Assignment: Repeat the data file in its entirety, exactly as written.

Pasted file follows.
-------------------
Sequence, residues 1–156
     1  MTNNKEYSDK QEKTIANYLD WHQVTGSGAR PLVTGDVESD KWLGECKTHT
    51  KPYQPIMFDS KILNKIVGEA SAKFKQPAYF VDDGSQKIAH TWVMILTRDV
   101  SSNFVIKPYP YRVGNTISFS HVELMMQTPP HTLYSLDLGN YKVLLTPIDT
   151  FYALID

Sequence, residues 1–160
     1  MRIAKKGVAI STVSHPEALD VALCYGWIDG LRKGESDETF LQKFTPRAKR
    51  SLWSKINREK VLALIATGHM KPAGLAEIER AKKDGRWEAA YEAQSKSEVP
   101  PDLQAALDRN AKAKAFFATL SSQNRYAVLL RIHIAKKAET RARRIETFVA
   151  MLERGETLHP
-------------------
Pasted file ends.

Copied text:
Sequence, residues 1–156
     1  MTNNKEYSDK QEKTIANYLD WHQVTGSGAR PLVTGDVESD KWLGECKTHT
    51  KPYQPIMFDS KILNKIVGEA SAKFKQPAYF VDDGSQKIAH TWVMILTRDV
   101  SSNFVIKPYP YRVGNTISFS HVELMMQTPP HTLYSLDLGN YKVLLTPIDT
   151  FYALID

Sequence, residues 1–160
     1  MRIAKKGVAI STVSHPEALD VALCYGWIDG LRKGESDETF LQKFTPRAKR
    51  SLWSKINREK VLALIATGHM KPAGLAEIER AKKDGRWEAA YEAQSKSEVP
   101  PDLQAALDRN AKAKAFFATL SSQNRYAVLL RIHIAKKAET RARRIETFVA
   151  MLERGETLHP